It’s an honour to take part in the BlogTour for Eight Hours from England by Anthony Quayle. This is the third of four books being re-published by the Imperial War Museum.
In September 2019, to mark the 80th anniversary of the outbreak of the Second World War, IWM will launch a wonderful new series with four novels from their archives all set during the Second World War – Imperial War Museums Wartime Classics.
Originally published to considerable acclaim, these titles were written either during or just after the Second World War and are currently out of print. Each novel is written directly from the author’s own experience and takes the reader right into the heart of the conflict. They all capture the awful absurdity of war and the trauma and chaos of battle as well as some of the fierce loyalties and black humour that can emerge in extraordinary circumstances.
Living through a time of great upheaval, as we are today, each wartime story brings the reality of war alive in a vivid and profoundly moving way and is a timely reminder of what the previous generations experienced.
The remarkable IWM Library has an outstanding literary collection and was an integral part of Imperial War Museums from its very beginnings. Alan Jeffreys, (Senior Curator, Second World War, Imperial War Museums) searched the library collection to come up with these four launch titles, all of which deserve a new and wider audience. He has written an introduction to each novel that sets them in context and gives the wider historical background and says, ‘Researching the Wartime Classics has been one of the most enjoyable projects I’ve worked on in my years at IWM. It’s been very exciting rediscovering these fantastic novels and helping to bring them to the wider readership they so deserve’.
Each story speaks strongly to IWM’s remit to tell the stories of those who experienced conflict first hand. They cover diverse fronts and topics – preparations for D-Day and the advance into Normandy; the war in Malaya; London during the Blitz and SOE operations in occupied Europe and each author – three men and a woman – all have fascinating back stories. These are Second World War novels about the truth of war written by those who were actually there.
Anthony Quayle was a renowned Shakespearean actor, director and film star and during the Second World War was a Special Operations Executive behind enemy lines in Albania.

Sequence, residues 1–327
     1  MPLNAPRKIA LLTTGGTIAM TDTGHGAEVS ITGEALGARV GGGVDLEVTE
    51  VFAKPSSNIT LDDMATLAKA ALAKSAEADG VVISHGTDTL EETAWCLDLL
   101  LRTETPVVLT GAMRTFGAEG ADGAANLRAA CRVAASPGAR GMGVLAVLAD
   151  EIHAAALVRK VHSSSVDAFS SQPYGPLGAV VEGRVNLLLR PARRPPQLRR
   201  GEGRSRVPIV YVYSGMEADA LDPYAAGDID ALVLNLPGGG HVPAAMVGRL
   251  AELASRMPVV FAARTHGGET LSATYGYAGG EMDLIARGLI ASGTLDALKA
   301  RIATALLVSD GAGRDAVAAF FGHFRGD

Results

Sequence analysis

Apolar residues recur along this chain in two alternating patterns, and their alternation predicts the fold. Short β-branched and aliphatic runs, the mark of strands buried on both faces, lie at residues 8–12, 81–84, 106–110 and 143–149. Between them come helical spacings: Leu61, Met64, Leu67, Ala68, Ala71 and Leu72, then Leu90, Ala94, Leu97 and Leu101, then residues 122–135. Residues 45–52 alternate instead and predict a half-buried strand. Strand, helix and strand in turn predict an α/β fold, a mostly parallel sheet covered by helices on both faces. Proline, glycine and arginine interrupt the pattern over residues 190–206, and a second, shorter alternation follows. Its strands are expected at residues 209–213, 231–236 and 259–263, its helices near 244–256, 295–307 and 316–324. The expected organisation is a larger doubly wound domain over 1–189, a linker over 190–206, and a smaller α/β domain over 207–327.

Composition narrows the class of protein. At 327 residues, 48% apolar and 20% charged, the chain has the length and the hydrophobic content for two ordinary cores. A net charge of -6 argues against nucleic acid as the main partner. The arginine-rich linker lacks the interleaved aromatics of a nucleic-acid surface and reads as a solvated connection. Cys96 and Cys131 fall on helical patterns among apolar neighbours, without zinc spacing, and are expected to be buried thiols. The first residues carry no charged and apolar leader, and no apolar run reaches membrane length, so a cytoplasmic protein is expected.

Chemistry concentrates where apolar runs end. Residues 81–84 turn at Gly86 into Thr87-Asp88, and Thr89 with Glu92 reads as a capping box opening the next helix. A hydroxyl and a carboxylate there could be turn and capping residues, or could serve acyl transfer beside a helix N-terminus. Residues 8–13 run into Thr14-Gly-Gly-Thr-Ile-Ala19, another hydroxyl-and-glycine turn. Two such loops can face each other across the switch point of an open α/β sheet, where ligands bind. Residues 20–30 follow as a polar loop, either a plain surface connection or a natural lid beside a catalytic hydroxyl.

About the book
A candid account of SOE operations in occupied Europe described by Andrew Roberts as ‘As well as being one of our greatest actors, Anthony Quayle was an intrepid war hero and his autobiographical novel is one of the greatest adventure stories of the Second World War. Beautifully written and full of pathos and authenticity, it brings alive the terrible moral decisions that have to be taken by soldiers under unimaginable pressures in wartime.’Review
The story or rather the writing style, especially the beginning, has a theatrical flair. Very much as if Quayle were setting the scene for the stage or the camera. This is evident even if you aren’t aware of who the author is.
Quayle makes a poignant point about liaison officers in conflicts, skirmishes or times of war. Their job during times of peace is one of mediation and go-between, but in times of conflict they often have a specific job. Convincing the natives to work with them and against the enemy.
Words like liaison sound great – very diplomatic. The truth is they are often advising native groups, such as the resistance, to commit acts that will have disastrous results for their lives, their village, town or country and the lives of their fellow countrymen. It can mean torture and/or death. When the allies go home and the liaison officer disappears, those native inhabitants still have to live and survive in possibly hostile environments.
A comparison in our era is using natives to translate and as guides in the Middle East and then leaving them high and dry in an environment that considers them to be traitors to the country.
The author describes the important brotherhood bond and the camaraderie which exists and is amplified during the war. You have to trust and rely on the person or persons next to you to have your back. They understand like no other person what every soldier is going through. It’s one of the strongest bonds that exist.
Unfortunately, just like many other novels written about WW2 by eyewitnesses, this book has slid into obscurity. The Imperial War Museum is doing us all a great service bringing them back into the fold of the book world to be enjoyed by new readers. They are a learning experience written by voices who should be heard and remembered.
About the Imperial War Museums – IWM
IWM (Imperial War Museums) tells the story of people who have lived, fought and died in conflicts involving Britain and the Commonwealth since the First World War.
‘Our unique collections, made up of the everyday and the exceptional, reveal stories of people, places, ideas and events. Using these, we tell vivid personal stories and create powerful physical experiences across our five museums that reflect the realities of war as both a destructive and creative force. We challenge people to look at conflict from different perspectives, enriching their understanding of the causes, course and consequences of war and its impact on people’s lives.
IWM’s five branches which attract over 2.5 million visitors each year are IWM London, IWM’s flagship branch that recently transformed with new, permanent and free First World War Galleries alongside new displays across the iconic Atrium to mark the Centenary of the First World War; IWM North, housed in an iconic award-winning building designed by Daniel Libeskind; IWM Duxford, a world renowned aviation museum and Britain’s best preserved wartime airfield; Churchill War Rooms, housed in Churchill’s secret headquarters below Whitehall; and the Second World War cruiser HMS Belfast.’